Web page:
PMP377: Conversations that Matter with Jennifer Abrams

Jennifer Abrams is an international educational and communications consultant for public and independent schools, universities, and nonprofits. She trains and coaches teachers, administrators, and others on new teacher/employee support, having hard conversations, collaboration skills, and being your best adult self at work.

In her over two decades at Palo Alto Unified School District (Palo Alto, CA, USA), Jennifer was a high school English teacher, new teacher coach, and professional development facilitator. She left PAUSD in 2012 to start her full-time communications consultancy in which she works with schools and organizations across the globe.

Her publications include Having Hard Conversations, The Multigenerational Workplace: Communicating, Collaborating & Creating Community and Hard Conversations Unpacked – the Whos, the Whens and the What Ifs, Swimming in the Deep End: Four Foundational Skills for Leading Successful School Initiatives, and her newest book, Stretching Your Learning Edges: Growing (Up) at Work.

Jennifer has been recognized as one of the “21 Women All K-12 Educators Need to Know” by Education Week’s ‘Finding Common Ground’ blog. She considers herself a “voice coach,” helping others learn how to best use their voices – be it collaborating on a team, presenting in front of a group, coaching a colleague, or supervising an employee.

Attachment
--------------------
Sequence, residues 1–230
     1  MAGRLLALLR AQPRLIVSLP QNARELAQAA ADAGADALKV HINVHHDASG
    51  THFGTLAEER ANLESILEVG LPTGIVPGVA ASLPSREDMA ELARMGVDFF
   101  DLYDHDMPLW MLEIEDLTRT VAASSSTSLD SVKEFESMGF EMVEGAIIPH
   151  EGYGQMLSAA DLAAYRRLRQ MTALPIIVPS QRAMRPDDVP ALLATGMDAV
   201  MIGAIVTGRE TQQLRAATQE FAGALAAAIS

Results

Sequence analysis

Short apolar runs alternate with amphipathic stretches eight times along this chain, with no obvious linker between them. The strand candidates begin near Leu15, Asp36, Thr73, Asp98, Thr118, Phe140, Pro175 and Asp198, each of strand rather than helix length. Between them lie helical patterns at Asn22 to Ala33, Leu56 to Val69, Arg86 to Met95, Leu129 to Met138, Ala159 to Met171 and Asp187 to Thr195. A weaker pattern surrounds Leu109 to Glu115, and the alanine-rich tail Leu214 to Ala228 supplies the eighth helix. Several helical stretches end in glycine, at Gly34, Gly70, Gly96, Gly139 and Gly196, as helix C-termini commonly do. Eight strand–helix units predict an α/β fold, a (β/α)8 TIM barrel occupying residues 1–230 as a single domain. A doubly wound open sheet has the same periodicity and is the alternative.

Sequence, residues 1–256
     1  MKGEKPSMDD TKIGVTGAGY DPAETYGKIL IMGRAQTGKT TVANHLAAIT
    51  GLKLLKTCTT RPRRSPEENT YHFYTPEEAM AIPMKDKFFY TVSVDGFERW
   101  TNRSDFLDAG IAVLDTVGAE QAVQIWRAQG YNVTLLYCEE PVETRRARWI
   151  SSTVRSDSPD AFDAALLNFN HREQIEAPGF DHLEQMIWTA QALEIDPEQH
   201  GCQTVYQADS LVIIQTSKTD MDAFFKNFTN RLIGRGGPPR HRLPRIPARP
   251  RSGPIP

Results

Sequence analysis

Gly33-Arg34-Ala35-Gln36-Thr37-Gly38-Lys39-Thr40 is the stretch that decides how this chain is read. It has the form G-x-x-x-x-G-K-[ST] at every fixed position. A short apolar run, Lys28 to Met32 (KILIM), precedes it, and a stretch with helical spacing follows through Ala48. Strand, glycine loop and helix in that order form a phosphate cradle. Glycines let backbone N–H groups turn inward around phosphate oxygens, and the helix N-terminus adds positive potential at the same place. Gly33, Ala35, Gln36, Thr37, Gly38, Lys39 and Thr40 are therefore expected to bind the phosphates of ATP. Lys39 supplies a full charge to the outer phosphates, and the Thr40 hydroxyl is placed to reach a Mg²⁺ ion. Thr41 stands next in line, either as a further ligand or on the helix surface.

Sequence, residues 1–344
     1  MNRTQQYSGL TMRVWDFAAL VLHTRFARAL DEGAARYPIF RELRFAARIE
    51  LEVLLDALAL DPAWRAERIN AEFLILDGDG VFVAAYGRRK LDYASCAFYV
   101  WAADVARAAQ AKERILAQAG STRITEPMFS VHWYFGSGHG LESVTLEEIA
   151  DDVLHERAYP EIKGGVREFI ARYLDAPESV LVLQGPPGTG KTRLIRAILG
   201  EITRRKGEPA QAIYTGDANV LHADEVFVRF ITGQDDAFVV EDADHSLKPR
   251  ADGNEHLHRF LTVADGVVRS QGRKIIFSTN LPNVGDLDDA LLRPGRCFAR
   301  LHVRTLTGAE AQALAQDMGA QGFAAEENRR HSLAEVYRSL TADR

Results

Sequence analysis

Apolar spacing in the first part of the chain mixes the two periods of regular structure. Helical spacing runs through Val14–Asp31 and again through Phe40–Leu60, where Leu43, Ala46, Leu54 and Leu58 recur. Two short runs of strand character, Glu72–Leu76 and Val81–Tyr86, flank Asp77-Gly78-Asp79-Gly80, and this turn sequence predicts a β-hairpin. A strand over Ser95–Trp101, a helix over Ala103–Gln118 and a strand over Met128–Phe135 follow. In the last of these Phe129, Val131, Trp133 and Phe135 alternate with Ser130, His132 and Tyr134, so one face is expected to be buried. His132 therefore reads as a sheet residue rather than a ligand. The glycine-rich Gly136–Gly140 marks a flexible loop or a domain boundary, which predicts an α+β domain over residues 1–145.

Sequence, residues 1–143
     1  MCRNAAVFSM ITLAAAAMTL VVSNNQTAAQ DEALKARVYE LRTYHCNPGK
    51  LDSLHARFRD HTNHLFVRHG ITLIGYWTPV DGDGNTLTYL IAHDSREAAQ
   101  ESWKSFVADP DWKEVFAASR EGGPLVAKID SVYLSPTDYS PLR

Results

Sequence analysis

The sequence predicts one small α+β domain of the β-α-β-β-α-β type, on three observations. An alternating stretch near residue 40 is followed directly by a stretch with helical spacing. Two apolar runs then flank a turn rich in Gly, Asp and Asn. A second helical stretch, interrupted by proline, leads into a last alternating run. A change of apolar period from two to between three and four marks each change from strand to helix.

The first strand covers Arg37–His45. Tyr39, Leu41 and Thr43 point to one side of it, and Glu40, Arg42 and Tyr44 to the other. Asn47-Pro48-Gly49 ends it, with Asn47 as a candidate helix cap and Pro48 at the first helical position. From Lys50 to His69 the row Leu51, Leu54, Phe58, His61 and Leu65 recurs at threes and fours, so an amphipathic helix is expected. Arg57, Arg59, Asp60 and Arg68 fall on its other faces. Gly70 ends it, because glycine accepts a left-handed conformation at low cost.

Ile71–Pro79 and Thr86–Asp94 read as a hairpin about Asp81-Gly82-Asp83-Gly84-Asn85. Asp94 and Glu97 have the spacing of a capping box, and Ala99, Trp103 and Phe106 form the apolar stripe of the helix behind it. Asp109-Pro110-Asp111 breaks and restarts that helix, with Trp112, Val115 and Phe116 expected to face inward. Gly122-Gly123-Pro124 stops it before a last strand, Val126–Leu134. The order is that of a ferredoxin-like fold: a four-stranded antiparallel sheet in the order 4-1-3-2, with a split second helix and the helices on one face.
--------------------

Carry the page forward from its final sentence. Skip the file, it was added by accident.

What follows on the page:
First, we discuss some topics from Jennifer’s book, Having Hard Conversations:

Jennifer has worked for decades of work in classrooms, schools, and with leaders. When facing a difficult conversation, she shares why it is important to understand the motivation for why a conversation should (or should not) happen.

She breaks down hard conversations into three areas: Get Clear, Craft, and Communicate. In her lessons on ‘Get Clear”, she explains why it is important to get to a place of feeling ready and comfortable in order to share what needs to be said.

In her lessons on “craft,” she explains why we should focus on understanding specific behaviors, understanding our own thoughts, and offering suggestions for fixing problems.

Then, she breaks down the practical suggestion of making a plan or creating a script for hard conversations.

We also discuss some topics from Jennifer’s book, Stretching Your Learning Edges: Growing (Up) at Work:

In this book, she probes several important questions. How do we:

  • want to level up and stretch ourselves?
  • want to be more inclusive in our thinking, our communications, and our actions?
  • want to engage more deeply in our conversations around equity, diversity, and belonging?
  • want to commit to changing the system for the ‘betterment of humanity’ through work on developing ourselves?

She states, “Through the study of five key facets for individual and collective development we can learn to be bigger and better versions of ourselves as leaders, collaborative team members, and educators.”

Throughout our conversation, we quote works from several sources, including authors like Carol Dweck (interviewed recently by Guy Kawasaki on his podcast Remarkable People), Michael Fullan, Timothy Elmore, and the podcast Hidden Brain by Shankar Vadantam. 

You can connect with Jennifer Abrams, her resource, and professional learning opportunities through her website:

Think someone else would benefit from this episode?
William D. Parker
William D. Parker